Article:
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Writing, Society and Culture in Early Rus, c.950–1300


  • Page extent: 356 pages
  • Size: 216 x 140 mm
  • Weight: 0.45 kg


 (ISBN-13: 9780521129022)

This book provides a thorough survey and analysis of the emergence and functions of written culture in Rus (covering roughly the modern East Slav lands of European Russia, Ukraine and Belarus). Part I introduces the full range of types of writing: the scripts and languages, the materials, the social and physical contexts, ranging from builders' scratches on bricks through to luxurious parchment manuscripts. Part II presents a series of thematic studies of the 'socio-cultural dynamics' of writing, in order to reveal and explain distinctive features in the Rus assimilation of the technology. The comparative approach means that the book may also serve as a case-study for those with a broader interest either in medieval uses of writing or in the social and cultural history of information technologies. Overall, the impressive scholarship and idiosyncratic wit of this volume commend it to students and specialists in Russian history and literature alike. Awarded the Alec Nove Prize, given by the British Association for Slavonic and East European Studies for the best book of 2002 in Russian, Soviet or Post-Soviet studies.

• Richly illustrated • Set to become the standard work in the field (in any language) on the relationship of writing in the Rus' principalities to society as a whole • Comprehensive, scholarly, but accessible to specialists and non-specialists


Part I. The Graphic Environment: 1. The written remains; 2. Scripts and languages; 3. The changing environment; Part II. Functions and Perceptions of Writing: 4. Writing and social organisation; 5. Writing and learning; 6. Writing and pictures; 7. Writing and magic; 8. Afterword: on the social and cultural dynamics of writing.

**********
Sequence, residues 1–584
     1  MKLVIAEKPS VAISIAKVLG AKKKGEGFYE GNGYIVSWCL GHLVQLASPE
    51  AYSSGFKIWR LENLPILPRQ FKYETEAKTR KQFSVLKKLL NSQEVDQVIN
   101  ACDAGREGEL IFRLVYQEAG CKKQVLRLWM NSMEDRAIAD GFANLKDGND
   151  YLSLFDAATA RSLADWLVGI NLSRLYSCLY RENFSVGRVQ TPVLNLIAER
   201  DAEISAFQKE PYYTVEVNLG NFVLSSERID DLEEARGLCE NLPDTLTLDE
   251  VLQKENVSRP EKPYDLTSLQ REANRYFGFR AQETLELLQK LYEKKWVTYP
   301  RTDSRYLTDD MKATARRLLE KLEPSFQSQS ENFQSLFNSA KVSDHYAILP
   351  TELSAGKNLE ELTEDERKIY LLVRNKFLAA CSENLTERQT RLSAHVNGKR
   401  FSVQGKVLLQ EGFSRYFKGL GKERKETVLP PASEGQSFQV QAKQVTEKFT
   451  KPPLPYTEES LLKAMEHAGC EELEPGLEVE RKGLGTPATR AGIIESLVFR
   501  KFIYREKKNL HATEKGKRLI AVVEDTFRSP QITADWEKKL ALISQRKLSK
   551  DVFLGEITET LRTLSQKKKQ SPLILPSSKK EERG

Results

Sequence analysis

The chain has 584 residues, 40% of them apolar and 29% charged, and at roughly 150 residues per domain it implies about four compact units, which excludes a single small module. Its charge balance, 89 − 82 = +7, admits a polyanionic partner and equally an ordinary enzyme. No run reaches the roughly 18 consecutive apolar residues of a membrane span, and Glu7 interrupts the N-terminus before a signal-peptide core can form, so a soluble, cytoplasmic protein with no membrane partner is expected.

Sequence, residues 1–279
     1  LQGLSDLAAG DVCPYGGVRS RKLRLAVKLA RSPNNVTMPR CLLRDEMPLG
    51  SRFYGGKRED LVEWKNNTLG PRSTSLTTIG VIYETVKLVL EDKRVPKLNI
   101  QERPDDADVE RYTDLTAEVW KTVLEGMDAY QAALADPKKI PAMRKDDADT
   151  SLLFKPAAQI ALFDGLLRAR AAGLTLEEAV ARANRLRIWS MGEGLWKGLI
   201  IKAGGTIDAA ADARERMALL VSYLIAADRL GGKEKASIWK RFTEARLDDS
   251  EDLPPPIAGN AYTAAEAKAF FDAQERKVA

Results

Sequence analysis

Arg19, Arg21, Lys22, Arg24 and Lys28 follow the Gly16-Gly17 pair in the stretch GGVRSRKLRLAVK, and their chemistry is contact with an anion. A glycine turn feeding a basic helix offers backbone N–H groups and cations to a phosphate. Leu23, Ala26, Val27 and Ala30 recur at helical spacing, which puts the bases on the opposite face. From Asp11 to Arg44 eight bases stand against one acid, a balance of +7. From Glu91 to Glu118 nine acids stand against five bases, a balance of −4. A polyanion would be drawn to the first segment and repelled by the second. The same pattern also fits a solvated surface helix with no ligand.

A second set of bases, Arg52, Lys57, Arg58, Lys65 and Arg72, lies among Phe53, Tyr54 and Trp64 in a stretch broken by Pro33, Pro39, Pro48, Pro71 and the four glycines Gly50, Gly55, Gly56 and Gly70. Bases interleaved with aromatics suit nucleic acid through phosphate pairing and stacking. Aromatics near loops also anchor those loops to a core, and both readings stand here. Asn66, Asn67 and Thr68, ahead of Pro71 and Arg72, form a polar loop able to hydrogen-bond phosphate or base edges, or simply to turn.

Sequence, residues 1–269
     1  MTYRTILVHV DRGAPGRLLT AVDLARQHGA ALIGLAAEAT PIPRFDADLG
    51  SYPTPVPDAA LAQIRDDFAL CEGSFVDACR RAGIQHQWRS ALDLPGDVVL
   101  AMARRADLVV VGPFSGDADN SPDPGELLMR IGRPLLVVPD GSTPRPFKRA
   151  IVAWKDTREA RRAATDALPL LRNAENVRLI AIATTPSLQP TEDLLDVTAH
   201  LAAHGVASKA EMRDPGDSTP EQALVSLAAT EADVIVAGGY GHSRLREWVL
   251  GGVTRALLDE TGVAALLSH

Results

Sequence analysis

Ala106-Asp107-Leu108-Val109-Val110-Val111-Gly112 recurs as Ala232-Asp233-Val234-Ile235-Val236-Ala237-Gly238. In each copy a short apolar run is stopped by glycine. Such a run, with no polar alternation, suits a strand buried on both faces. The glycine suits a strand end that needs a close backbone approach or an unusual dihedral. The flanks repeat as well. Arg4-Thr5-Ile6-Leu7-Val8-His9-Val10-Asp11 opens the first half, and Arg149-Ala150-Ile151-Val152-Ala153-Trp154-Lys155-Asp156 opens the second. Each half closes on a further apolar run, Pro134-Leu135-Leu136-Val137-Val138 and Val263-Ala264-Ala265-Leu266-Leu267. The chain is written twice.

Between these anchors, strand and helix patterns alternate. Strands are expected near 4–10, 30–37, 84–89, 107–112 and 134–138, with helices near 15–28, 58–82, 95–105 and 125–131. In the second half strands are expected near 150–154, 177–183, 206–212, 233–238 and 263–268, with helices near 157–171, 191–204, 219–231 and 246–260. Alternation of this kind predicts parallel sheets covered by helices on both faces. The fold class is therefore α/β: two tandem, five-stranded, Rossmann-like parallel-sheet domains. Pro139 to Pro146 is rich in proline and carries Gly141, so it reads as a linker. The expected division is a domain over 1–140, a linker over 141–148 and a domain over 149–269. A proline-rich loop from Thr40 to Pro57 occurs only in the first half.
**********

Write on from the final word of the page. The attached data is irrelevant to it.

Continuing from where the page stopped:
Review of the hardback: 'Written with wit and style as well as great erudition, Franklin's book breaks new ground … the virtual tour that Franklin constructs of a Kievan church combines all his gifts as historian, reader, and observer. The result is a spellbinding performance that brings Franklin's own reader as close as possible to reading the world through they eyes of a Kievan.' Medium Aevum

Review of the hardback: '… remarkable … Nobody could claim it as a quick read, but it would be a pity if it were to be used only as an encyclopaedic reference-work: arguments are developed … that deserve to be followed - the book is nicely produced, well indexed …' Slavonic & East European Review

Review of the hardback: '… coherent, illuminating … great insight … Constituting at the same time gazetteer, original thesis and wide-ranging synthesis, this fine work does justice to the many dimensions of the culture that eventually gave rise to Russia.' Journal of Ecclesiastical History

Review of the hardback: '… the book is very much up to date … meets high scholarly standards … makes for unusually pleasant reading … interesting and illumination to read … recommended reading.' Russian Linguistics

Review of the hardback: '… a splendid work whose depth of scholarship, graceful writing, and incisive analysis recommend it both to comparativists and to students of early Slavic history. Thoroughly convincing, authoritative and elegant, Writing deserves a broad audience.' English Historical Review

Review of the hardback: 'This is an engagingly written and scholarly presentation of an essential aspect of the study of Russian for philologists and serious linguists. The whole is preceded by indispensable lists of illustrations and abbreviations, a note on transliteration, and a map. … This is a most useful, non-simplifying summary and exploration for anyone taking a fresh look at the early history of Russian.' Forum for Modern Language Studies

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